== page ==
Contemporary computer algorithms are insensitive (65%) for STEMI, and only approximately 90% specific:

1. Mawri S, Michaels A, Gibbs J, et al. The Comparison of Physician to Computer Interpreted Electrocardiograms on ST-elevation Myocardial Infarction Door-to-balloon Times. Critical Pathways in Cardiology 2016;15:22-5.

2. Garvey JL, Zegre-Hemsey J, Gregg RE, Studnek JR. Electrocardiographic diagnosis of ST segment elevation myocardial infarction: An evaluation of three automated interpretation algorithms Journal of Electrocardiology 2016;49:728-32.

Sunday, February 5, 2017

Inferior MI? Or LVH?

A middle-aged male presented with acute chest pain:
There is sinus rhythm.
There is LVH by voltage in aVL, with what may appear to be secondary repolarization abnormalities
(so-called "LVH with strain", but this is a misnomer because it implies ischemia.  "LVH with secondary repolarization abnormalities" is more appropriate).
It has the "hockey stick" morphology typical of LVH with secondary repolarization abnormalities.

What do you think?

Here is the ECG of another middle-aged male with acute chest pain:

It is similar, but notice how the T-waves are not nearly as proportionately large as in the above ECG.

What do you think?

The bottom ECG is that patient's baseline LVH.

The top ECG is LVH with superimposed inferior acute MI.   The T-waves (both upright and negative ones) are far too large in proportion to the QRS.  There is also a concordant T-wave in lead II, and ischemic appearing biphasic T-waves in V4-V6, with a flattened ST segment in V3, all suggesting posterior and lateral involvement.

Technically, it is not "STEMI" because the ST elevation at the J-point is less than 1 mm.

This (top) ECG was missed by several interpreters and the patient had very delayed reperfusion therapy.  

The culprit was 100 % thrombotic occlusion of the mid RCA.  The peak troponin I was 47 ng/ml (very high).  There was a regional wall motion abnormality in the inferior and posterior walls.   The LAD was not involved.

The patient was discharged with a diagnosis of NonSTEMI.

There actually was a previous ECG for comparison, which proves the point.  Here it is:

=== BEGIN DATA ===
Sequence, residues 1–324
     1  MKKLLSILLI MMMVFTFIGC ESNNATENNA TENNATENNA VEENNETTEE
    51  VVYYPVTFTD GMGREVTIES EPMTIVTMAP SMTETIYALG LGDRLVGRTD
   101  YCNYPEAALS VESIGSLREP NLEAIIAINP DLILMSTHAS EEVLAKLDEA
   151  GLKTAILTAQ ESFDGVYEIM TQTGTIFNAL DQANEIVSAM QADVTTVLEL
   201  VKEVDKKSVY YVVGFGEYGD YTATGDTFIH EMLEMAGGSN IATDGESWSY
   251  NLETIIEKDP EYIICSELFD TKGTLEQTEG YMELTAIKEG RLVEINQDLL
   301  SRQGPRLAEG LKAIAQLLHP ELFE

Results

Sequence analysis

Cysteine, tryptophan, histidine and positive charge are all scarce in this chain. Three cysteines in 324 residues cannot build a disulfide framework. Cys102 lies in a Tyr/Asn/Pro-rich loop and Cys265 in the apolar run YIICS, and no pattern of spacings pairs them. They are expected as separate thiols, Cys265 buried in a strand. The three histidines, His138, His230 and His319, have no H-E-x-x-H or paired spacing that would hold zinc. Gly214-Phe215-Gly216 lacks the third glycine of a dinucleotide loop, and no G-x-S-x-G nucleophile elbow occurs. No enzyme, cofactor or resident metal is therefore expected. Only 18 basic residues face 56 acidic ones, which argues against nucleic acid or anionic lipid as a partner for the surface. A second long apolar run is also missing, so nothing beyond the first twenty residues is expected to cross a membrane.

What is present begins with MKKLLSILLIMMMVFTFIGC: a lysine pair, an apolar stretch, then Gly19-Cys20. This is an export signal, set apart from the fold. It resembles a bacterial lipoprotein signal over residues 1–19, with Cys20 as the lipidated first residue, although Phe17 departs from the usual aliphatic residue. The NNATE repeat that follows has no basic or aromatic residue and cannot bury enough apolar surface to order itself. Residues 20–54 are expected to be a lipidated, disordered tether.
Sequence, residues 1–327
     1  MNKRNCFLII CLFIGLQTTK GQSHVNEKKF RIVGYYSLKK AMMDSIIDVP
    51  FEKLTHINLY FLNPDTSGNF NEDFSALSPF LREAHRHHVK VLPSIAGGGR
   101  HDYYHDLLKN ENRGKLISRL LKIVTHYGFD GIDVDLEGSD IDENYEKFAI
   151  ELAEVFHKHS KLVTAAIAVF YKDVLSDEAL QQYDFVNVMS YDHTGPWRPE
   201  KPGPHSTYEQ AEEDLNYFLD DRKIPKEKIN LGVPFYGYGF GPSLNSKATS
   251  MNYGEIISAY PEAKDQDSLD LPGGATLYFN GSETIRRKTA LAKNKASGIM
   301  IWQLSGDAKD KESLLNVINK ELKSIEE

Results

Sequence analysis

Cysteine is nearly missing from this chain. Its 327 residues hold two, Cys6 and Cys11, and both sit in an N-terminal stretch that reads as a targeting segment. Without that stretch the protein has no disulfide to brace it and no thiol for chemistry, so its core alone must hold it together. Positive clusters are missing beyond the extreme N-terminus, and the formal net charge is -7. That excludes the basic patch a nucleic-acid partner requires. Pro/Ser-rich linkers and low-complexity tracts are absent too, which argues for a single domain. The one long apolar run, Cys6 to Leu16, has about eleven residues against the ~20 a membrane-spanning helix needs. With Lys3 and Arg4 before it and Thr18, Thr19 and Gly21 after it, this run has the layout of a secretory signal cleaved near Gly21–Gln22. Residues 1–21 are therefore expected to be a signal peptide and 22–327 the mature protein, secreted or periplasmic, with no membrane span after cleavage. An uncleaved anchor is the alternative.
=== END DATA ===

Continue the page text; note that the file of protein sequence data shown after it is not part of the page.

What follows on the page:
Very different from LVH with superimposed inferior STEMI.

Here is the post-PCI ECG:
Notice inferior reperfusion (inverted) T-waves
Notice precordial large T-waves (posterior reperfusion T-waves)
Notice lateral reperfusion T-waves.
These are "Wellens' waves" of inferior, posterior, and lateral walls.

Learning point

Know the T-wave to QRS proportions in LVH vs. LVH with superimposed MI.

Thursday, February 2, 2017

Patient with severe DKA, look at the ECG

This patient presented with severe DKA.

Here is the ECG:
Sinus tachycardia.
What do you think?

The computer and physician reader wrote: "ST depression, consider subendocardial injury."
The computer read the QT as 365 ms and the QTc as 424 ms.  What else?

I read the QT interval as somewhere between 480 and 580 ms, depending on the complex, with a QTc (Bazett correction) of 630 - 763 ms.  There is a very prominent U-wave and some of what may appear to be a QT interval is a QU interval.  So the real QT is shorter, but the computer does not mention the U-wave, and the U-wave is as important as the T-wave in predicting cardiac dysrhythmias.

This is an extremely dangerous ECG.

The K returned at 1.9 mEq/L.

This is extremely low for DKA.

K in DKA is usually high from shifting out of cells, and will go lower as it shifts into cells during treatment.

Therefore, hypokalemia in the setting of DKA is truly life threatening and must be treated aggressively.

When the ECG shows the effects of hypokalemia, it is particularly dangerous.  In spite of aggressive K replacement, the patient went into ventricular fibrillation.


See this post: STEMI with Life-Threatening Hypokalemia and Incessant Torsades de Pointes

I could find very little literature on the treatment of severe life-threatening hypokalemia.  There is particularly little on how to treat when the K is less than 2.0, and/or in the presence of acute MI.

Here are the American Heart Association Guidelines: 

Part 10.1: Life-Threatening Electrolyte Abnormalities

Treatment of Hypokalemia